7. Drinking alcohol or taking recreational drugs

What smacked me in the face with these results were that young people find peace and happiness through prayer only slightly more than they do through drinking alcohol and taking drugs (and the difference was very slim), and they find peace and happiness through prayer less than they do through shopping.

The average young person in Australia will turn to almost everything else to find peace and happiness than they will to prayer and to God, and only just a little more than they would to drugs and alcohol.


  • The young people I am trying to talk to about Jesus simply do not care. Jesus doesn’t even register on their radar most of the time as a legitimate focus for their lives.
  • I am strange. The priorities of my life and what I value are way out of sync with those of young Australians. This is ok, but I need to be aware of this as I talk to and interact with young people.
  • When it comes to youth nights, and I get up and talk about spending time with God and the role that God plays in our lives – to a room that is half full of Christian kids and half full of non-Christian kids – I need to remember how far away from caring half the room is.
  • In trying to share the gospel with young people, I need to first remember that they really don’t care about spiritual things and remember all the other things in their life that are more important.
  • I really need to be aware of what I communicate about spiritual things like a healthy prayer life. Do I send a message that it is something you do because you’re a Christian? Or is it something you do because it’s connecting to a relational God that will change your life? Maybe teens don’t care for prayer because they don’t see that it makes any difference.

It’s important for us to remember and understand the young person we are talking to when conveying the gospel. Next time I stand up in Chapel at school and talk about prayer, I need to remember how very little the majority of people I’m talking to see prayer as something legitimate and important in their life. How do we communicate the life-changing message of God’s saving grace in a way that connects and actually registers? How can God become central to these young lives? How we communicate is key to this.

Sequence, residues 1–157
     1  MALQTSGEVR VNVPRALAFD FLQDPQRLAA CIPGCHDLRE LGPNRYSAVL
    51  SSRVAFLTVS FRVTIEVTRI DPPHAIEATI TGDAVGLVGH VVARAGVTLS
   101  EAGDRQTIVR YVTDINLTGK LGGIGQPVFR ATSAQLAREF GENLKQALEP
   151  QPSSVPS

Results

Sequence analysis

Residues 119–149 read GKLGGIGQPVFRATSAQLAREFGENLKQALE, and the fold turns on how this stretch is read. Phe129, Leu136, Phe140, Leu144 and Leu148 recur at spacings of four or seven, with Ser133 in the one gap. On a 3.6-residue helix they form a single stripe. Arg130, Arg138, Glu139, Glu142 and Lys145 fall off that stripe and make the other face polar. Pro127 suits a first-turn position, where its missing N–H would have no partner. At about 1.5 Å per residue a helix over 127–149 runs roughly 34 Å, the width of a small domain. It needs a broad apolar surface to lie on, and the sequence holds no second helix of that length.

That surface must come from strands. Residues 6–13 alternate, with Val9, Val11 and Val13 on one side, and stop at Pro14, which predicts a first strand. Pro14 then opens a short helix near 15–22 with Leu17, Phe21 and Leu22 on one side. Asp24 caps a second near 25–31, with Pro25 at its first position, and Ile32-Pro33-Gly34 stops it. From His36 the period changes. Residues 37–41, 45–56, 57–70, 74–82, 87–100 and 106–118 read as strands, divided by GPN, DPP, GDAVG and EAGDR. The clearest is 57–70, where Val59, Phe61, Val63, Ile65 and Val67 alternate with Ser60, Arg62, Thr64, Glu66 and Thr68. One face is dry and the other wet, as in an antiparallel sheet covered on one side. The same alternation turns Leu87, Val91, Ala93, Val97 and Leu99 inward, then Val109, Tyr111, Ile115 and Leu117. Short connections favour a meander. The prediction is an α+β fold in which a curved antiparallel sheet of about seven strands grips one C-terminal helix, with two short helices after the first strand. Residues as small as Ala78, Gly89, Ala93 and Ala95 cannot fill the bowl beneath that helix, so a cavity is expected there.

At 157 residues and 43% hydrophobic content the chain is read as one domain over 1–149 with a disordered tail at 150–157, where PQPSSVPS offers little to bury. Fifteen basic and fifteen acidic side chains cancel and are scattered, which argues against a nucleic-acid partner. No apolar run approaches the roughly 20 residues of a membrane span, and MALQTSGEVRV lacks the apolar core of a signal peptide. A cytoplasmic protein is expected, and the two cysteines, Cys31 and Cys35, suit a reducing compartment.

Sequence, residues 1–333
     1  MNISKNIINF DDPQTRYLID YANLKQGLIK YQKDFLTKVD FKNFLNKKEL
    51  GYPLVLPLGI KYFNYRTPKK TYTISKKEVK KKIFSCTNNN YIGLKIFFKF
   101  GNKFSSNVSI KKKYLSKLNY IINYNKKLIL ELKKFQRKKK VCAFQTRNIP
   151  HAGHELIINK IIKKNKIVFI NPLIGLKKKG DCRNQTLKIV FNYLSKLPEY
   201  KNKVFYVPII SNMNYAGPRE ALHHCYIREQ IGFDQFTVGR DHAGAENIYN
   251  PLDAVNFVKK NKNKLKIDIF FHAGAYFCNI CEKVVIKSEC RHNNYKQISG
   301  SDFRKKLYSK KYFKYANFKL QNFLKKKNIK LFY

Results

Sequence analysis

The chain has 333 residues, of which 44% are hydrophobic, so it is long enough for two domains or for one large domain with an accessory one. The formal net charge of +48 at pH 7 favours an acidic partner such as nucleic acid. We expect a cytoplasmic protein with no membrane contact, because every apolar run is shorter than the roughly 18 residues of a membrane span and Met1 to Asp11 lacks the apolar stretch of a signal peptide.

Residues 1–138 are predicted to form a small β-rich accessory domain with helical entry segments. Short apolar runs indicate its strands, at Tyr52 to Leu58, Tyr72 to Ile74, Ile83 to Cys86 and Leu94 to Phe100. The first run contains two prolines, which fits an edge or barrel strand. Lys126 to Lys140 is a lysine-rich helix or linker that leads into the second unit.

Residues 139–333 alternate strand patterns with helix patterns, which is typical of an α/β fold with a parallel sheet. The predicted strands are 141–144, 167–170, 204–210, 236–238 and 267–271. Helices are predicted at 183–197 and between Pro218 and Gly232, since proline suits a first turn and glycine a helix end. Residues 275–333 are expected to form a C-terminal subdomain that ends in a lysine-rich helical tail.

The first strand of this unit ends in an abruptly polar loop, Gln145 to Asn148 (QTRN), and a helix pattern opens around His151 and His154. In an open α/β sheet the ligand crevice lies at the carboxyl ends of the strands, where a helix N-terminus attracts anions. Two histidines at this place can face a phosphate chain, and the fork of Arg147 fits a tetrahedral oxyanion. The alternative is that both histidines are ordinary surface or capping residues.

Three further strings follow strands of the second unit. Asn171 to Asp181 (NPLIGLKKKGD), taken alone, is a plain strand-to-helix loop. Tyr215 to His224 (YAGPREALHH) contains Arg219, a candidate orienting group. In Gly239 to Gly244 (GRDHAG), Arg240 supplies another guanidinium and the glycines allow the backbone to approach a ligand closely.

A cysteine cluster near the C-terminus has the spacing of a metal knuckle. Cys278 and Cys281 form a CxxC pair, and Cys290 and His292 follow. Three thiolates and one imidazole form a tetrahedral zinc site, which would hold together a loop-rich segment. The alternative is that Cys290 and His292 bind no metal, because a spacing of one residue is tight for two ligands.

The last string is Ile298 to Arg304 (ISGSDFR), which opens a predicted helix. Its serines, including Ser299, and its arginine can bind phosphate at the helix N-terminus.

And just to drive it home even more: this research was predominantly conducted in Christian and Catholic schools.

What would the results look like for the general public?

What do these results tell you?

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Why high expectations are central for an effective team

The health of a ministry will depend almost entirely on the health of the leaders of that ministry.

In youth ministry, we totally rely on volunteer leaders to keep ministries running and to make a difference in young peoples lives. There is always the tension between getting as many volunteers as we can because we always need more and getting the right people for the job. Often I see people compromise on who they let into their teams or the terms they let them in on and I see their ministry suffer for it. I have also done this a number of times.

While it is important to get the right people on your team (maybe this is another post), it is just as important to have a healthy team culture that these people enter into. A healthy team culture can straighten out a number of kinks in a person’s character or reliability. Just as a healthy person can still be dysfunctional within an unhealthy team environment, a healthy team environment will help bring out the strengths in all your leaders and help them grow in their leadership potential. So how do you grow a healthy leadership team and how do you create a healthy culture within the ministry you lead?

I have found that having high expectations of your volunteers and setting clear boundaries is one of the best practices you can have in creating a healthy leadership culture and, in turn, a healthy ministry. Now, many people shy away from this because they are scared of losing leaders but I have found the exact opposite to be true. Here are a number of reasons to set the bar high when it comes to your volunteer team:

  •  You get rid of unhealthy dysfunctional people that were bringing your ministry down. Let’s be honest, we have all had those people in our ministry and they hurt kids more than help them. They kill team moral and simply bring something unhealthy into the ministry that is hard to get rid of.